SpaceX Signs Its First Private Passenger to Fly Around the Moon

The unknown passenger will mark the eighth-ever space tourist in history.

SpaceX via Twitter

Modern America's Rocket Man, Elon Musk, is further securing his place history by sending an ordinary man to space. SpaceX announced late Thursday evening that it had penned its first ever private passenger to fly around the moon in its new Big Falcon Rocket (BFR).

In typical Musk & Co. fashion, there is a secret which accompanies the news: SpaceX will hold the identity of its passenger from the public until Monday, Sept. 17. When asked if Musk would be the person aboard the flight, he responded simply by posting an emoji of a Japanese flag. Assuming no other flights beat SpaceX to its goal and the person aboard isn't a repeat flyer (which has happened only once), the individual aboard SpaceX's first private flight will be the eighth-ever space tourist to leave the Earth's exosphere.

In the company's Tweet, a render of the newest BFR rocket is shown traveling through space, showcasing a future where corporations lift-off into the unknown much like the state-sponsored astronauts of yesteryear. In fact, SpaceX isn't the only company with their aim set high into the sky. Fellow billionaire Richard Branson had caught the space race bug long ago when he founded Virgin Galactic in 2004, only two short years after Musk officiated his Space Exploration Technologies Corp (SpaceX). Upping the ante is Amazon founder Jeff Bezos' eldest aerospace company, Blue Origin, which turned 18 years old last week.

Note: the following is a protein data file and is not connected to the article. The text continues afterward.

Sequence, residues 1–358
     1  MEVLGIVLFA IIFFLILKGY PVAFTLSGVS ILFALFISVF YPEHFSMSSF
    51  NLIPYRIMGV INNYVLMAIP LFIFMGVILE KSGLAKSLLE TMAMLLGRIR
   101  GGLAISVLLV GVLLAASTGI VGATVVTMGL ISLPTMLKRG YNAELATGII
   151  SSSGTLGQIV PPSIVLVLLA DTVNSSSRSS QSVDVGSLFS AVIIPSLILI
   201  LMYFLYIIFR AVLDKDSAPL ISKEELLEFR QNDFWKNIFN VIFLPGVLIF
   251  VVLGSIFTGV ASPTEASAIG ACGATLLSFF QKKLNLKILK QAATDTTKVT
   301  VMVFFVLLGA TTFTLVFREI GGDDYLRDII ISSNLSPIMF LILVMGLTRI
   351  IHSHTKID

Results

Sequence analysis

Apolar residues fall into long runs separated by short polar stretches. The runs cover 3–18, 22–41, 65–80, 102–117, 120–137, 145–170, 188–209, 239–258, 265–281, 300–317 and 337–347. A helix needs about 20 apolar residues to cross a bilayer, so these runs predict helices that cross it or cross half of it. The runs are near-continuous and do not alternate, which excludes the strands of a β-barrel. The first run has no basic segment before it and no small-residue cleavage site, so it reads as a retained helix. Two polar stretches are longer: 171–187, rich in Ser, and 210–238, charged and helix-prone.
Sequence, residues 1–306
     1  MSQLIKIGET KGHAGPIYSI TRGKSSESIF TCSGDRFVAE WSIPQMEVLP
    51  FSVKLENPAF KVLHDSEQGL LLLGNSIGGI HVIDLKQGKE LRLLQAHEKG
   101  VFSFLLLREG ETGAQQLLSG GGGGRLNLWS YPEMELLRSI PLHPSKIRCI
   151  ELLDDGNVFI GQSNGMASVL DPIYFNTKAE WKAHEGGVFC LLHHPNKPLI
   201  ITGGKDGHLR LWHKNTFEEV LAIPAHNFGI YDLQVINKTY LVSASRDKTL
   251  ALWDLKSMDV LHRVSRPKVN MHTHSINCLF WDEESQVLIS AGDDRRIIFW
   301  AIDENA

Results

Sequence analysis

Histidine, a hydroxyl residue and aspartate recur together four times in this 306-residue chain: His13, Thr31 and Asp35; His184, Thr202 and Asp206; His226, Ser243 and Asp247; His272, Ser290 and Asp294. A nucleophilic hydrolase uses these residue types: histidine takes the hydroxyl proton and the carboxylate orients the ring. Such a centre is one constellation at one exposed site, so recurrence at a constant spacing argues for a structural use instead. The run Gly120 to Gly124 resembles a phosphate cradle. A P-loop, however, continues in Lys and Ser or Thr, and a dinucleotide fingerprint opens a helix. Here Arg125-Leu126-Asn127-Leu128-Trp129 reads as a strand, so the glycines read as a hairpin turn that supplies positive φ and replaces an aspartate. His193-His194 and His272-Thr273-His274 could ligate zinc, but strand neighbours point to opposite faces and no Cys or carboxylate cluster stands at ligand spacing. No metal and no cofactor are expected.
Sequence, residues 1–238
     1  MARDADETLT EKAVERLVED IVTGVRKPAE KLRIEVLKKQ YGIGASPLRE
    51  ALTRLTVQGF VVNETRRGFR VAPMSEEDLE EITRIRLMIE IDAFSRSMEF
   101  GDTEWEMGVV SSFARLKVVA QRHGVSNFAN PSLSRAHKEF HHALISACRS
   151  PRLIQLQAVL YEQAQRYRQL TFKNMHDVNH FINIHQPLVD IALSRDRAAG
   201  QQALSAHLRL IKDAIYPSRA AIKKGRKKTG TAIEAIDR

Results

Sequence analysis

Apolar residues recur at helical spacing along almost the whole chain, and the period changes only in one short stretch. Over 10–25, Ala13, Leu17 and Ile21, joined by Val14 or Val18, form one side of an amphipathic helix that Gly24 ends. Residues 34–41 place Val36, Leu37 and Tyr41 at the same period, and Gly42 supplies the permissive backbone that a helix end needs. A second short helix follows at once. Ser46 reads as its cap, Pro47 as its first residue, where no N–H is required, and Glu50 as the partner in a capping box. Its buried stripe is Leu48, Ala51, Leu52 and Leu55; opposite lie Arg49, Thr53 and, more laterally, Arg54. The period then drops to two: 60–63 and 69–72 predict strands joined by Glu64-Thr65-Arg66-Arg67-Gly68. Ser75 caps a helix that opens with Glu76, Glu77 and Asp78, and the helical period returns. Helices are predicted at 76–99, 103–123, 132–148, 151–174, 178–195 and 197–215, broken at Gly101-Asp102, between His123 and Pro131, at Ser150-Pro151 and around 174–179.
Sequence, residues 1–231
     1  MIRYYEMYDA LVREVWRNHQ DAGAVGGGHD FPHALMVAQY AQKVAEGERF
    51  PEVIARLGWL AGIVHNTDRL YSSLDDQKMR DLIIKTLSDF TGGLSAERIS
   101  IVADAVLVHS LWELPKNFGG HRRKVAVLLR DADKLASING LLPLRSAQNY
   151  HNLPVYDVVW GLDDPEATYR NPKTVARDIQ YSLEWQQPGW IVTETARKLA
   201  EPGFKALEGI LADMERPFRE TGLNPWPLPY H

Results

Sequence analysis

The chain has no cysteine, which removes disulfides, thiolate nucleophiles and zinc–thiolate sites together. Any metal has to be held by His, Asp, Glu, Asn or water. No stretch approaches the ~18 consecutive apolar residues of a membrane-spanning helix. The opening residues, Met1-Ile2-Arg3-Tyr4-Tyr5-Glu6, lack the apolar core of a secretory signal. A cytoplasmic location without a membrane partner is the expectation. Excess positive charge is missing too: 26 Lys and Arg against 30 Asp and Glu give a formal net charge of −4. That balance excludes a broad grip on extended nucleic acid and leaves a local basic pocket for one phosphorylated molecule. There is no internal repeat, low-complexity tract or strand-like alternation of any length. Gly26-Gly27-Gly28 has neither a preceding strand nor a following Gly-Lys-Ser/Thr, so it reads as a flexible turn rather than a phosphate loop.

Earlier this month, SpaceX completed its 16th mission of the year by launching a satellite into orbit for Telstar Communications. Additionally, Musk's company also has contracts in place with NASA for crewed transport missions to the International Space Station. These actions have led SpaceX to become the third most valuable venture-backed startup in the entire United States, bested only by Airbnb and Uber.